Wednesday, June 4, 2014

Annual Westcoast Trip - pounamu carving

Wednesday, June 4, 2014
oldbearnews editor

 Ah yes - the last few images to be shown.  All day Thursday night it felt strange - for once I did not have to go shopping for food.  This was done by two other leaders (Squeek and Mr Schick) and they did do a very good job too.  The local scout hall is usually so cold (June - winter here and no insulation) that there is no need to take stuff home for chilling or even freezing!!  So came Thursday night - I was at sixes and sevens, not sure if I was coming or going!  In any-case - this was not the only trolley as I understand it.

Back to the grind-stone.  The paper is diamond tipped - so the grinding / shaping is relatively easy!

At this point I was  on dry sanding.  You start with a 400 grit - then 600 / 800 / 1000 and 2000 grit. One needs to be careful as the stone can get quit warm / hot even.  I must admit wet-sanding sounded much better.  It also would have helped to be less proud and taken with me my reading glasses . . . . . Hmmmmmm  now I do feel old!!

Decided to toss in the street front view of the carving place.  You can't miss it . . . .

So in between carving and working and gas-bagging - ooops story telling - and learning all matters greenstone, I found this piece. 
Some haggling resulted.  I so wanted this piece, as the grain in the Jade reminded me of the nor-west arch / cloud formation often seen in Canterbury.  After some furious haggle - a price was agreed upon and I became the proud owner of NZ Pounamu - just need to polish this up and then mount on a suitable piece of Rimu or driftwood or . . . .     (found a piece of timber on the beach the next day - yessss)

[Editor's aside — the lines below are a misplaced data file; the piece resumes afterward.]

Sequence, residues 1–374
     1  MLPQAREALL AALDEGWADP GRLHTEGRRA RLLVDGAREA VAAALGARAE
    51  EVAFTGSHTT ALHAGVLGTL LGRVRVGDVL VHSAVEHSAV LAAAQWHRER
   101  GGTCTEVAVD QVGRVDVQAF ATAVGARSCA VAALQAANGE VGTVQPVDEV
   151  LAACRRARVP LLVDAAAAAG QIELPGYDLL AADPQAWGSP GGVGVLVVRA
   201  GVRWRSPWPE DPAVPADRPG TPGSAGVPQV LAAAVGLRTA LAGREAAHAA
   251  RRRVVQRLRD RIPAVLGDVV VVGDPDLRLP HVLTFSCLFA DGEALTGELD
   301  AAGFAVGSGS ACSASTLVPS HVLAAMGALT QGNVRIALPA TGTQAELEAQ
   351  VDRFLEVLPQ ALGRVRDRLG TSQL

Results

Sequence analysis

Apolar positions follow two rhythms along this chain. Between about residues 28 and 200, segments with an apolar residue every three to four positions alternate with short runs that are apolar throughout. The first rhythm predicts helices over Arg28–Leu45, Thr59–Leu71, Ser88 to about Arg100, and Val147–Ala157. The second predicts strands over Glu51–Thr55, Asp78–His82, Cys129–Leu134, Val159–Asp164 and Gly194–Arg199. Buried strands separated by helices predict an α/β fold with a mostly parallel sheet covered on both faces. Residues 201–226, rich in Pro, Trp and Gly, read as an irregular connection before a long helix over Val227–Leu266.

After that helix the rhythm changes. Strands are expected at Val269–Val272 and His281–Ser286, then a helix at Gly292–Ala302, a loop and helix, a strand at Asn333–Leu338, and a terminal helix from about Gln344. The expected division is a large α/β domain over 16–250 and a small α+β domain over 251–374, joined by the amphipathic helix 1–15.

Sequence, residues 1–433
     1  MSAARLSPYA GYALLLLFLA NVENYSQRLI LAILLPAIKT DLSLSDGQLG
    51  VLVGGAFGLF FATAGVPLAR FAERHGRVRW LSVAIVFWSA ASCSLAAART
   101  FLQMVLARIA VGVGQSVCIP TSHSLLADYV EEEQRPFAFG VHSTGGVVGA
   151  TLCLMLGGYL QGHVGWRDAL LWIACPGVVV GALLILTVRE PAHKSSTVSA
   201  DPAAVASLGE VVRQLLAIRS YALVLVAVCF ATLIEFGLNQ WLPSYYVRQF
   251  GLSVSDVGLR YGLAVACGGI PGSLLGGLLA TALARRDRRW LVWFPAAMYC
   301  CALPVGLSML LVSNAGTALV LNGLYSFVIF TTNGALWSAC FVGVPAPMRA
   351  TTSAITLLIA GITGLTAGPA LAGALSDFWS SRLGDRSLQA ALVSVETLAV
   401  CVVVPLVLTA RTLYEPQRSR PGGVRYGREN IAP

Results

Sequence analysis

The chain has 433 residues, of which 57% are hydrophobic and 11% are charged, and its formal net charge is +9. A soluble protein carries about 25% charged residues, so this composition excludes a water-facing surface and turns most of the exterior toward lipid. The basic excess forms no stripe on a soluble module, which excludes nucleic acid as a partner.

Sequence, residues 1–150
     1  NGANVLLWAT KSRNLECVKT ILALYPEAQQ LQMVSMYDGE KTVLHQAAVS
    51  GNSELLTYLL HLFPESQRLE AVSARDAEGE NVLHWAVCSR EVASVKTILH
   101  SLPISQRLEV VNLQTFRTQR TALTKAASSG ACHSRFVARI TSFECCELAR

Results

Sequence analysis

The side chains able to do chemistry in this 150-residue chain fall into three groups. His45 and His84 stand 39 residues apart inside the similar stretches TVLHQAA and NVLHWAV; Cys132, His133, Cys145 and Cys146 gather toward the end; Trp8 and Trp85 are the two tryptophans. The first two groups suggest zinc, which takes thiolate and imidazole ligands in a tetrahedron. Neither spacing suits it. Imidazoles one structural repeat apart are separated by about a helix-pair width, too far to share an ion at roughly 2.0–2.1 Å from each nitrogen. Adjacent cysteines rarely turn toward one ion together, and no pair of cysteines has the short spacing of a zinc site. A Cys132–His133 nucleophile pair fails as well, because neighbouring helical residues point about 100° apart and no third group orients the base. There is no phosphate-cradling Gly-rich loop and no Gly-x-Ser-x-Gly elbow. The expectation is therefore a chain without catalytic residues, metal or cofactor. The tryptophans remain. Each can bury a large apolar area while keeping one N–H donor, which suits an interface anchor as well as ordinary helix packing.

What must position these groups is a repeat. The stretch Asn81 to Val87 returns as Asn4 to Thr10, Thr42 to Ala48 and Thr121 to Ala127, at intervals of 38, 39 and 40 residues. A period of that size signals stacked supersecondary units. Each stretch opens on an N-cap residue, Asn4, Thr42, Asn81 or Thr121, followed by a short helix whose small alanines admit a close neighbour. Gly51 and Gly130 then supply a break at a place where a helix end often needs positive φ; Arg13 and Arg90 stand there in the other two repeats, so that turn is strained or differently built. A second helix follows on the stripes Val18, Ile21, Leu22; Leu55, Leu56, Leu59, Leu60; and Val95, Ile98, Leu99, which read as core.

Often you get / find some stone and you will not know what is inside, until you either polish away from the outside - or cut into it!!  This particular piece was on the shop floor and for me it  was VERY tempting to slice of a piece.  I love the moonshine effect from the grain on this!!  Alas I already spent some cash so - maybe next time - yeah - next time

 No west-coast camp is complete until you do a campfire on the beach (below the high tide mark - so the tide washes away any remnants of the fire).  The other tradition is to try and light the timber that has been laying on the beach - and is always totally  RAIN-soaked - to the point were one needs a lot of, either, magic water or a gas burner in the middle of the timber structure to be burned - before the timber properly catches fire.   Honestly next time I will bring some kiln dried timber from Christchurch  ^^

 A often missed attraction - the Glow-worm Dell.  It is no-where as great as either the one at Te Anau or Waitomo caves - but it is still pretty impressive. You need to walk in quietly and have no lights on with you (so cellphones and torches off!!)  a n d  - watch out for the Hokitika Groper :D   or at least watch out that you snuggle up to your own wife - a mistake some men have made frequently in there, then are surprised with the reaction  they get . . . . .

We stopped at two places on the way back - this is at the Viaduct where the local kea resident population has great delight in entertaining the visitors.  You do need to be careful what you leave laying round - or indeed in or on your car - as anything remotley loose is fair game for this Alpine clown!! They have a way of dismantling anything,  that has to be seen to be believed!  Indeed one unfortunate tourist once  lost his car keys  over the side of a steep cliff/hillside . . . . . .

Have fun

 bear print

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